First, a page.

Summer programs RAISE academics for high school students

Summer programs RAISE academics for high school students

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It may seem odd to hear high school students use words like “exciting” and “enjoyable” when discussing what it’s like to spend a large part of their summer in school, but those and other superlatives frequently described summer programs for teenagers on Rowan’s Stratford and Glassboro campuses.

To be fair, these students weren’t engaged in the usual secondary education experience. Instead, they had successfully applied for programs that gave them insight into advanced studies in medicine, research and biomedical engineering.

From high school to high-end research

Spread out in labs throughout Engineering Hall on the Glassboro campus, five high school students worked with professors on research that promises to impact health care. They participated in the first year of the Biomedical Engineering segment of the competitive summer high school internship program started three years ago at the Stratford-based Graduate School of Biomedical Sciences (GSBS).

Led by Dr. Mary Staehle, undergraduate program chair and associate professor of Biomedical Engineering, this segment of the summer institute placed the high-achieving math and science students recommended by their teachers in the thick of some high-end research.

John Anderson, a senior at North Hunterdon High School, first heard of the summer program when he was on campus as a Governor’s STEM Scholar, attending a conference in December. This summer he worked with Dr. Peter Galie on research related to a microfluidic pressure-controlled actuator for vascular studies.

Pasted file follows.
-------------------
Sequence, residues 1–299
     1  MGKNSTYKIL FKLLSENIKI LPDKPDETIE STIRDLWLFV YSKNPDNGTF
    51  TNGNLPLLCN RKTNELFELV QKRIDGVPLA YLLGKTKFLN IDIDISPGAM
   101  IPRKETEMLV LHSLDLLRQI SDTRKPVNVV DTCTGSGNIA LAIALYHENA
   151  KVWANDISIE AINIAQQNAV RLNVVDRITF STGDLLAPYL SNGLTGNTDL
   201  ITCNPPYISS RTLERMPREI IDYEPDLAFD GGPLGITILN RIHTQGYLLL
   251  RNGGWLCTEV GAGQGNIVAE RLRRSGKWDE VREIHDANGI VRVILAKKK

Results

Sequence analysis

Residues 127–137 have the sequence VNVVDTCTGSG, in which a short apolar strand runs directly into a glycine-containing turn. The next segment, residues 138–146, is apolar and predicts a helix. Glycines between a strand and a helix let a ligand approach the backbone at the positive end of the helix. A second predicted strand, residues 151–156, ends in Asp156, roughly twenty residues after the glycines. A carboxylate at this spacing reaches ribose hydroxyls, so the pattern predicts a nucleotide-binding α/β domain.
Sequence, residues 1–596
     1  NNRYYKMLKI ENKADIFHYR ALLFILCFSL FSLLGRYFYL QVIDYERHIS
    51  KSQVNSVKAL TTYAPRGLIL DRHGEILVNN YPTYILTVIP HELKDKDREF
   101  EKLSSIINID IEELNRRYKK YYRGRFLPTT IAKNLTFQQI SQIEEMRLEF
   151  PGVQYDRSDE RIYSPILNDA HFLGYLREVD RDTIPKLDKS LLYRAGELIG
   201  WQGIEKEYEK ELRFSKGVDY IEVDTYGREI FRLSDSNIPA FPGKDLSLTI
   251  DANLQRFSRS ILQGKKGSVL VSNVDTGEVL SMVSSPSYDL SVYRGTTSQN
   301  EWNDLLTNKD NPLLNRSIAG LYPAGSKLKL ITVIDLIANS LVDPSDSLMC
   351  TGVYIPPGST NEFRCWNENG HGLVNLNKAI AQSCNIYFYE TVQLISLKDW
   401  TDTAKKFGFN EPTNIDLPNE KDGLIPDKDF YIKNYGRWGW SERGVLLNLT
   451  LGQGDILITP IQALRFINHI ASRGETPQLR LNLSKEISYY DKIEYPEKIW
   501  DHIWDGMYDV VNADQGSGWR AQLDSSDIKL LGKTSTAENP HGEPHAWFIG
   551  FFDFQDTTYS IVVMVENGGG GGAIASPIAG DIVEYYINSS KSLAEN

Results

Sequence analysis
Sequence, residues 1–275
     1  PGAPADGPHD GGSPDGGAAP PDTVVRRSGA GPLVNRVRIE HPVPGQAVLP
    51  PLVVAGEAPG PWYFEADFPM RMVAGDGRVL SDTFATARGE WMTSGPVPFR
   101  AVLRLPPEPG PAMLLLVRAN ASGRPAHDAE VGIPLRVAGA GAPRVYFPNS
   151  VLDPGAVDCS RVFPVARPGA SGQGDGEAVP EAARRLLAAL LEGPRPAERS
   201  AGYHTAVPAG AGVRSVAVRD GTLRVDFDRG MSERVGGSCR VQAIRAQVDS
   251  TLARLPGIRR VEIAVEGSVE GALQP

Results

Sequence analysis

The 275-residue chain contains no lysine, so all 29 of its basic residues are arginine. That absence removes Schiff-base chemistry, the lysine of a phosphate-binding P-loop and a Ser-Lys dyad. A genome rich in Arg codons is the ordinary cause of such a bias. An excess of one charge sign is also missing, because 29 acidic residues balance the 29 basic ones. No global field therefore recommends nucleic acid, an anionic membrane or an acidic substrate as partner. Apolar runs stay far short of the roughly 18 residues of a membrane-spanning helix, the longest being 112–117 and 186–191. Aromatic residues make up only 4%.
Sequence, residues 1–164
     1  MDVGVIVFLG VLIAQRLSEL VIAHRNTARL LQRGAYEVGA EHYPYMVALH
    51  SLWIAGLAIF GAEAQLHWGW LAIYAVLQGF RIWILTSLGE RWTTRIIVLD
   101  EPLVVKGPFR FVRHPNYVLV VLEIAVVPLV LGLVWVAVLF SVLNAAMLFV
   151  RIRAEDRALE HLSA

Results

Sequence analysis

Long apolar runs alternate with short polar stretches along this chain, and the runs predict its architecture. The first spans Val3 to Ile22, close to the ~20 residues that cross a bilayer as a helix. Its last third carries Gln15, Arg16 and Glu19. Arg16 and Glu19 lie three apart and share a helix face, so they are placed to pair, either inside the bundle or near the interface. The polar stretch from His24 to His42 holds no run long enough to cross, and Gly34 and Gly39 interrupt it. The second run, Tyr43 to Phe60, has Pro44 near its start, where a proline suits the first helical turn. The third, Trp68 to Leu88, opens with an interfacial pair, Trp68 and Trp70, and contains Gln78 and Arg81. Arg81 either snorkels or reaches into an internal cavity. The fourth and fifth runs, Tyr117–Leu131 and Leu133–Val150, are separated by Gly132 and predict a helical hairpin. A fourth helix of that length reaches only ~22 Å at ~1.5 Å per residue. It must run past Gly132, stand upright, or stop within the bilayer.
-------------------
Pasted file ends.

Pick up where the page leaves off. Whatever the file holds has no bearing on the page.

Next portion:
“I wanted to come back, and I wanted to see if I could take advantage of the facilities here. I heard how great it was. I wanted to get a taste of what it’s like to do some research,” said Anderson, who lives about two hours away in Clinton Township, New Jersey, and stayed in a hotel near campus during the program.

The students, all of whom – at least for now – are planning to pursue engineering in college and as profession – found the program beneficial.

Bridget Gras, a senior at Shawnee High School, worked with Dr. Mohammad Abedin-Nasab, an assistant professor of biomedical engineering who is developing a robotic device that can assist surgeons in treating patients with broken bones, enabling patients to heal faster and with fewer complications.

Gras, of Medford, said, “I came in knowing I wanted to do engineering, but I didn’t know about the biomedical part. I learned all the different projects people work on and what you’re able to do in biomedical engineering.”

According to Staehle, “The experiences of these students align well with the mission of Rowan’s Biomedical Engineering program, which includes inspiring the next generation of scientists and engineers.” And as a result of the successful program this summer, she added, “We will be continuing and expanding these programs in the Department of Biomedical Engineering next summer.”

That’s good news for Dr. Katrina Cooper, an associate professor of Molecular Biology, who developed this program at GSBS to give high school students a chance to take advantage of the kind of mentoring program that helped launch her career as a research scientist.

This summer, GSBS hosted six additional students who worked with biomedical research faculty in Stratford campus laboratories, performing independent research on a variety of projects under the guidance of a faculty mentor.

Alexandra Strich, a junior at Shawnee High School in Medford, worked in Cooper’s lab, investigating how cells make the decision to die following exposure to stress, a process that influences the formation of cancerous tumors.